Apple, Meta Tricked into Giving Customer Data to Forged Legal Requests by Hackers: Report
Meta and Apple reportedly provided customer data to hackers known as ‘Recursion Team’ masquerading as law enforcement.
Apple and Facebook parent company Meta may have handed over private customer information including addresses, phone numbers, and IP addresses last year in response to hackers who presented forged legal documents, a Bloomberg report says.
Cybercriminals who used hacked domains belonging to multiple law enforcement agencies made bogus “emergency requests” for certain users’ information, explains the report. The companies then handed over basic data like phone numbers, home addresses and IP addresses. That data could then be used by hackers to unleash harassment campaigns or to try to launch financial fraud schemes.
While not specifically stating whether they handed over user data, Apple and Meta both pointed to their processes for dealing with emergency government requests.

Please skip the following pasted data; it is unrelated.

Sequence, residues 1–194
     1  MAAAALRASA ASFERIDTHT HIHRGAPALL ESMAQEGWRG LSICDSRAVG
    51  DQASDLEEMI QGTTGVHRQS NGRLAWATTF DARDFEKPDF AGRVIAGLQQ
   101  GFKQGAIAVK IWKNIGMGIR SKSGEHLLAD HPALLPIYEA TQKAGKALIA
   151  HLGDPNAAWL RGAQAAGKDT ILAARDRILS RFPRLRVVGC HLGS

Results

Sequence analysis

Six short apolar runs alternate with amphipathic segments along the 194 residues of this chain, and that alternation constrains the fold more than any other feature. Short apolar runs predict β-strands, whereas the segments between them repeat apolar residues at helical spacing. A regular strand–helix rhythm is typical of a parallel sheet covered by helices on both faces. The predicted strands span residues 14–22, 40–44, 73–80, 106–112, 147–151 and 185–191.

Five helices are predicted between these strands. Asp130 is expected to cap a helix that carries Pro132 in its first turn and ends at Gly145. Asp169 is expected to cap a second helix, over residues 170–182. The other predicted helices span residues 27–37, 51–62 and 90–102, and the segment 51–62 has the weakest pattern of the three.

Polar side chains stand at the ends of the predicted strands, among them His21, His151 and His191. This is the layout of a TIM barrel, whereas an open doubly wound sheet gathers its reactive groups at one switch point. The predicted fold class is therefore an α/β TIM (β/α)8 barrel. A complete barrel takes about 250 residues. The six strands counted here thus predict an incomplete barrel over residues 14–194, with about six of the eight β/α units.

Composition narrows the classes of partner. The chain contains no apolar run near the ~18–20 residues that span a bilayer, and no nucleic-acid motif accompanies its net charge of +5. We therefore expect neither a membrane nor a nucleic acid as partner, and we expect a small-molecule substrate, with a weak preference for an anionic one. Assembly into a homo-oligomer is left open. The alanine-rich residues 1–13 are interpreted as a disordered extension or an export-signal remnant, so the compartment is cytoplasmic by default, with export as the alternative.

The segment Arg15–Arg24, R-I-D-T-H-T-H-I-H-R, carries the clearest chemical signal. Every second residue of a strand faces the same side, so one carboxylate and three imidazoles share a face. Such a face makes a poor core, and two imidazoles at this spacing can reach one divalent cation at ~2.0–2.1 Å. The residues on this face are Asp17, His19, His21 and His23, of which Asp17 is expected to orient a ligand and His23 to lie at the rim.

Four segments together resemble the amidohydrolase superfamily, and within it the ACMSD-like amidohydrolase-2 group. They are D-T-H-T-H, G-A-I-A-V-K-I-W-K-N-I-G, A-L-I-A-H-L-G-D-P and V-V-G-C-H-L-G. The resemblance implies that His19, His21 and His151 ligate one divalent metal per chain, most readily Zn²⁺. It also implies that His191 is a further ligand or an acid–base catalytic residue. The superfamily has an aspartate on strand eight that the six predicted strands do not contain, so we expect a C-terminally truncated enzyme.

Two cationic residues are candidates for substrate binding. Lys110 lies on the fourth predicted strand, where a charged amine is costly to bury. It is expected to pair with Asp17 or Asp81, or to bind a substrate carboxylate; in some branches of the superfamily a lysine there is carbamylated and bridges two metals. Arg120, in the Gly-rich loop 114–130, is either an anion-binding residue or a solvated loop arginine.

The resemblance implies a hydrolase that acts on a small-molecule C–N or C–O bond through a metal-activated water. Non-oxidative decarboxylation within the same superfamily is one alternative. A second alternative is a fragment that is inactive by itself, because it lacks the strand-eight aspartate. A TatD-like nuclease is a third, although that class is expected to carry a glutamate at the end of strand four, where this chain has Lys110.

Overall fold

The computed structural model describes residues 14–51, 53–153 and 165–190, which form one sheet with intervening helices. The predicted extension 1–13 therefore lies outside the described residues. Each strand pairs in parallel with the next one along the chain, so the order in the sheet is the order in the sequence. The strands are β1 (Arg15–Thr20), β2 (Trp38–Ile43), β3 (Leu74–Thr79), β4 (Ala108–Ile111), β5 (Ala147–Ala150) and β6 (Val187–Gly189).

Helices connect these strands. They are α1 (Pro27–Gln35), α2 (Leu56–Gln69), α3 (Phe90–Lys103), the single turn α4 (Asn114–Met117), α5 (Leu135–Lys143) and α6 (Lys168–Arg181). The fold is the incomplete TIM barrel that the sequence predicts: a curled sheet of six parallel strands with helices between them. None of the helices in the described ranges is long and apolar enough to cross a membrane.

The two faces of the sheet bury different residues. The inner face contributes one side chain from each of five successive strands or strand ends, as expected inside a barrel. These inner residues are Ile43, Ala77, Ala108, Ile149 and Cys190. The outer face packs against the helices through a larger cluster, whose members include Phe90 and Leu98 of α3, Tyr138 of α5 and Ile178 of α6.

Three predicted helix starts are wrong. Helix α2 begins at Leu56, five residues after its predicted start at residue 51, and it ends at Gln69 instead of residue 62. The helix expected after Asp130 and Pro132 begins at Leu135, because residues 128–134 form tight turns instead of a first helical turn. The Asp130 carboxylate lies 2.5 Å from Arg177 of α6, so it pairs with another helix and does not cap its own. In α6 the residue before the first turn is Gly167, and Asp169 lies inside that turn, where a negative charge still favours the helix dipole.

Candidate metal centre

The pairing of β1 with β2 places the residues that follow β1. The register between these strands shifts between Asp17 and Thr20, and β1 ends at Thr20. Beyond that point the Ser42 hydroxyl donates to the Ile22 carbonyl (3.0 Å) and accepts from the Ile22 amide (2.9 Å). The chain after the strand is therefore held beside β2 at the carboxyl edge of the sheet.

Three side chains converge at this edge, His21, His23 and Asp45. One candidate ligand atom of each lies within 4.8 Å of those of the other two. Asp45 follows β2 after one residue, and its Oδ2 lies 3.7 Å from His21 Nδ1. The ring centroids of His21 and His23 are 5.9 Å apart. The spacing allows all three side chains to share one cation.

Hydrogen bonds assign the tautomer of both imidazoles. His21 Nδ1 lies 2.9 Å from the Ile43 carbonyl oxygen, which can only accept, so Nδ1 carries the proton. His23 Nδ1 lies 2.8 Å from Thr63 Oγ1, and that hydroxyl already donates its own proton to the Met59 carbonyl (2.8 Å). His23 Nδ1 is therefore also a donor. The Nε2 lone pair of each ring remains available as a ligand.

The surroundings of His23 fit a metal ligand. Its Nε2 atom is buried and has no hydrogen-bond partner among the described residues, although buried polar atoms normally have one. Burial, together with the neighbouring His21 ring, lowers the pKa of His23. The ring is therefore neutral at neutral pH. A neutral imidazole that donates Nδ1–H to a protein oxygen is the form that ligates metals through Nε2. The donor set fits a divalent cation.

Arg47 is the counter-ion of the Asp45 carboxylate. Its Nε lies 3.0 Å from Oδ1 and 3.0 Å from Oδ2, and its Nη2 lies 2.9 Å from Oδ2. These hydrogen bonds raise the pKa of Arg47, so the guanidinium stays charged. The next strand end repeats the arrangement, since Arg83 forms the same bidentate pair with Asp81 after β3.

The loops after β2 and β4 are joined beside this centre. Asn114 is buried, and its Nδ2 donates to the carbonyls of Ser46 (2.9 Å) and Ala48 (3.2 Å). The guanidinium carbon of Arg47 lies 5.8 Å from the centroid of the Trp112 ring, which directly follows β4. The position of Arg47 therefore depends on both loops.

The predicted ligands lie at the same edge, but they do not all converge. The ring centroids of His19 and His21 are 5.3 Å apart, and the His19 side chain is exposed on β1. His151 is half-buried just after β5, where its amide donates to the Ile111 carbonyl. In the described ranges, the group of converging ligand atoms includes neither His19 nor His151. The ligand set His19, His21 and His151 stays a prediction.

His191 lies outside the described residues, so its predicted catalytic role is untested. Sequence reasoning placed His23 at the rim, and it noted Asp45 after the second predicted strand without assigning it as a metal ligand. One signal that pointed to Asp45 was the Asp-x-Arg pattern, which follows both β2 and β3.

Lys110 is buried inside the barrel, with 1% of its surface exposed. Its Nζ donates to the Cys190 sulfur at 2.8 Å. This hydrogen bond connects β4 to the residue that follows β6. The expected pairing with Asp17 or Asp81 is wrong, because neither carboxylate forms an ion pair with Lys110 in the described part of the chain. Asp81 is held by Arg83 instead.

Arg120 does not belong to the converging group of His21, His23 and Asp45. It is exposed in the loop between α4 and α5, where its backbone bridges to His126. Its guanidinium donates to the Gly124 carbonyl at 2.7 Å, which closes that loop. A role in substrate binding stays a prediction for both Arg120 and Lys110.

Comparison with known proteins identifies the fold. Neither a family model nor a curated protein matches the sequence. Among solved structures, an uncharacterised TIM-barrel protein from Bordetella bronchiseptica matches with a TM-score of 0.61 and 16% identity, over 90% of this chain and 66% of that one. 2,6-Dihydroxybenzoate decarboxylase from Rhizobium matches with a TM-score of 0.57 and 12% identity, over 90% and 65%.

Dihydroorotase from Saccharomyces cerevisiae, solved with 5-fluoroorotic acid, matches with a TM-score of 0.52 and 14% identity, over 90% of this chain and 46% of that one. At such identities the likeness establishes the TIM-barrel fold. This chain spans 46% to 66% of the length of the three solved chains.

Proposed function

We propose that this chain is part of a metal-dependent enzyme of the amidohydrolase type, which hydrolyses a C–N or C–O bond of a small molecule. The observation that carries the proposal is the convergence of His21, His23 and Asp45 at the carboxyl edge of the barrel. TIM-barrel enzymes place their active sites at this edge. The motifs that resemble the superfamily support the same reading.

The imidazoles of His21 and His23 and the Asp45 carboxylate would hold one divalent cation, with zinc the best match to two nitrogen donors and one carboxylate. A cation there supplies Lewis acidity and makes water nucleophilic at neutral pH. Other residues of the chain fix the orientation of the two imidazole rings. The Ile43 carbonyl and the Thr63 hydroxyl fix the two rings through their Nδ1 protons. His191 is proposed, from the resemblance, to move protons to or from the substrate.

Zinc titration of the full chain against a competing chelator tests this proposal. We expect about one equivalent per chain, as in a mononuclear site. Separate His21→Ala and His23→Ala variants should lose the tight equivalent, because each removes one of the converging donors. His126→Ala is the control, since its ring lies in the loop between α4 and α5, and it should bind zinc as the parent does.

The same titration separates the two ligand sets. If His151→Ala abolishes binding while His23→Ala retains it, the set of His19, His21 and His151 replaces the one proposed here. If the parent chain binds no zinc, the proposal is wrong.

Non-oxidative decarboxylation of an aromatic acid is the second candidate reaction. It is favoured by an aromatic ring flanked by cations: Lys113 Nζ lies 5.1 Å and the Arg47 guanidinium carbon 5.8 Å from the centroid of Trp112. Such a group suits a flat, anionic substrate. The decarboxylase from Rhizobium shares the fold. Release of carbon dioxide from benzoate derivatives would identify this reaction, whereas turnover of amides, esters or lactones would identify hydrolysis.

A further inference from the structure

“We review every data request for legal sufficiency and use advanced systems and processes to validate law enforcement requests and detect abuse,” Meta spokesperson Andy Stone said in an emailed statement. “We block known compromised accounts from making requests and work with law enforcement to respond to incidents involving suspected fraudulent requests, as we have done in this case.”
Apple pointed to its Law Enforcement Guidelines, Section II E, paragraph 3 of which says:
“If a government or law enforcement agency seeks customer data in response to an Emergency Government & Law Enforcement Information Request, a supervisor for the government or law enforcement agent who submitted the Emergency Government & Law Enforcement Information Request may be contacted and asked to confirm to Apple that the emergency request was legitimate.”
Very little information is available on Recursion Team, but it’s believed that one of the members could be none other than the founder of Lapsus$, the group that managed to hack tech giants like Microsoft, Nvidia, and Samsung. Cybersecurity experts believe they are based in the United States and the United Kingdom, but for now, no solid proof in this regard has been found.
In addition to Meta and Apple, it seems Snap has also been targeted with similar requests from hackers, but at this point, it’s not known if the company shared any information or not.